Tuesday, September 27, 2005
What are Family Values
Here is a set of values in the form of old-fashioned balance scales. The principle is to balance the item on one side, with the weights on the other side. This will determine the value of the gold nuggets or other objects. Each weight has a price on it, which is added up.
When this system was used, there was, on occasion, someone who would put what was called a "false value" on the value side of the scale. This meant that the person trying to sell his product, would have to put more and more on the other side of the scale, in order to balance the heavier weights that were put on the other side. Conversely, the other side of the scale could be filled with worthless products made to weigh enough to bring a good price.
Imagine spiritual values as a balance scale, with the Bible on one side, and your life on the other, to see if your practices and beliefs measure up.
We hear the term "family values" tossed about quite a bit these days. You may rent a film that claims to have family values in it, but find it doesn't match your values at all. What one family thinks is a family value, may not be so valued by another family. So let us have a look at what family values are all about. Just like the false values used on the scale to cheat people out of their rightful pay, false values concerning the family, abound. There is the popular "values clarification," designed by change agents, to re-define biblical values of honesty, trust, faith, goodness and obedience.
This is just my own opinion, and my own definition of "family values:" In general, family values are whatever your family values the most and is willing to preserve. Things that offend you, might be violations of principles that you value.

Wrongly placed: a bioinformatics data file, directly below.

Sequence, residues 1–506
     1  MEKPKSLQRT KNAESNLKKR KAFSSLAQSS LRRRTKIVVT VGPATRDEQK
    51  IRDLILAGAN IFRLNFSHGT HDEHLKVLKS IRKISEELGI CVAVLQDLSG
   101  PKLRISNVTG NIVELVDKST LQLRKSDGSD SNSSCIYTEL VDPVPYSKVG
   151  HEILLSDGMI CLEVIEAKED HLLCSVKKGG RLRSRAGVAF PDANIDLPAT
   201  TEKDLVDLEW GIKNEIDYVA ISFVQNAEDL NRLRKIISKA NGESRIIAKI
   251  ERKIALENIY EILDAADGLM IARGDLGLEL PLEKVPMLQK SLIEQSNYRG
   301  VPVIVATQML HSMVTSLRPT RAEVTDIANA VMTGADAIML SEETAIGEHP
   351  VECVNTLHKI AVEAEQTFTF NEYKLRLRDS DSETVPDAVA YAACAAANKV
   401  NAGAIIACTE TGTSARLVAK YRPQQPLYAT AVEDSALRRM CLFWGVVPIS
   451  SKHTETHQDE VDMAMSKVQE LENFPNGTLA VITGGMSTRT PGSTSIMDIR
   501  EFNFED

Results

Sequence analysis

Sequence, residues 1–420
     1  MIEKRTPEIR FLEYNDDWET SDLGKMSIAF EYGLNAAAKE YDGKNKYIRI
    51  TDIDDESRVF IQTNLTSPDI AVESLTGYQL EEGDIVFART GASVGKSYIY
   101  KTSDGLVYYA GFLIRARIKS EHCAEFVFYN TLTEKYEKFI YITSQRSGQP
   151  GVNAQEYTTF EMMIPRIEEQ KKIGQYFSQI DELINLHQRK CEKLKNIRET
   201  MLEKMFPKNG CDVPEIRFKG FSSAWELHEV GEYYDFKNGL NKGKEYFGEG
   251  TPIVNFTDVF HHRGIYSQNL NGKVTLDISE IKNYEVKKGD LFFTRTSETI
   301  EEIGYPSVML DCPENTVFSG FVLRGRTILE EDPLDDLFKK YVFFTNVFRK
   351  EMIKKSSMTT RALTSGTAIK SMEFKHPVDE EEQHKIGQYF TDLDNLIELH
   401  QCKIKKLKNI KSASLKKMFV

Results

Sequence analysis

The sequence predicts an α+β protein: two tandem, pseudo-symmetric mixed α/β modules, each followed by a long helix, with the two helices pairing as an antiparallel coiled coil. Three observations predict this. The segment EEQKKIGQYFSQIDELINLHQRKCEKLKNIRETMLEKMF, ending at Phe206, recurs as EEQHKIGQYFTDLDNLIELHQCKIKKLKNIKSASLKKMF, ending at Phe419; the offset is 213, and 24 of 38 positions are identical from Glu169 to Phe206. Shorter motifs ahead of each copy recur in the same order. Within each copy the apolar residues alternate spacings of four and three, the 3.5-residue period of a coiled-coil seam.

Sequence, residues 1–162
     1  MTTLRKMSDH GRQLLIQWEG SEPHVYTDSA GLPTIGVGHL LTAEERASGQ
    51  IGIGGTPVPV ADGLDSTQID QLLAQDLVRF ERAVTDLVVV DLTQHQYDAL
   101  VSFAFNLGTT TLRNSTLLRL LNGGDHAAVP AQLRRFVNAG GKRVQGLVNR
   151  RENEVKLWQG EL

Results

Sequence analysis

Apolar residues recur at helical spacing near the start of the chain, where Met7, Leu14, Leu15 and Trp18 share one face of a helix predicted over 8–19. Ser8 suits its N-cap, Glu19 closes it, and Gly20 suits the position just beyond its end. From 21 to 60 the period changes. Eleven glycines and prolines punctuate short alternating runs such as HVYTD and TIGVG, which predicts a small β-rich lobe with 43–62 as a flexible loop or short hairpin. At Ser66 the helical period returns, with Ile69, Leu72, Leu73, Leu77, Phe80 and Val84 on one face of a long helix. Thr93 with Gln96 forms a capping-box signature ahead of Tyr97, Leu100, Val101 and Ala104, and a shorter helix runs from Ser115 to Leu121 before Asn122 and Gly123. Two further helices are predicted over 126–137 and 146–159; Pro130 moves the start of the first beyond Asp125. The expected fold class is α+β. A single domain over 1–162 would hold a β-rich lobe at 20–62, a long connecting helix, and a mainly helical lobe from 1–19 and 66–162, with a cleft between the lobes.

To give an example, my dream has always been to have a wonderful, strong, happy, and cohesive family. There seem to be forces that work over time trying to break that down. Some media or person will tell my children something that is contrary to what my husband and I want for them. They will be told that certain things just "don't matter" and that their parents just need to "get over it."
If you've ever watched "The Quiet Man," you'll see that things that Irish culture at that time valued, were being somewhat challenged by the quiet man who had just entered the society after a prolonged stay in America. He couldn't understand why it was so important to have the blessings and approval of the family before marrying someone. He couldn't understand why the dowry was important. It wasn't his custom, and he didn't value it like they did. Happily, in the end, the values of that family won out, and the couple seemed to be uplifted by honoring those beliefs.
Maybe the mother or wife values clean clothes. Maybe she doesn't like the members of her family to smell bad. Maybe she appreciates their shirts being tucked in, or buttoned. Perhaps the husband wants his tools taken care of and always put back on the hook they belong on.
The married couple might value order in the home, or eating meals at a set time each day. I particularly don't like 4 or 5 different people coming in at different times and trying to prepare meals or want meals served to them. My opinion is that if they missed a meal that was being served at our standard time (SST: Sherman Standard Time), they missed it. They don't get to mess up the kitchen and disturb everyone around them by rustling up some grub or wanting it rustled for them.
Some people want to have a family where anything goes. They view it as an escape from restrictions and rules. They think that casualness and rudeness are okay, since it is "just family."
When one of my children comes into the home, I want their speech to be decent, and I want them to pick up after themselves. I don't want them to trash the house or leave the sink dirty. That, to me, is a family value. I don't like anyone to bring people into the home who do not share my values. It makes me uncomfortable and nervous. Now, if they want to sit and listen to me and comply with some of my values, that might be another matter.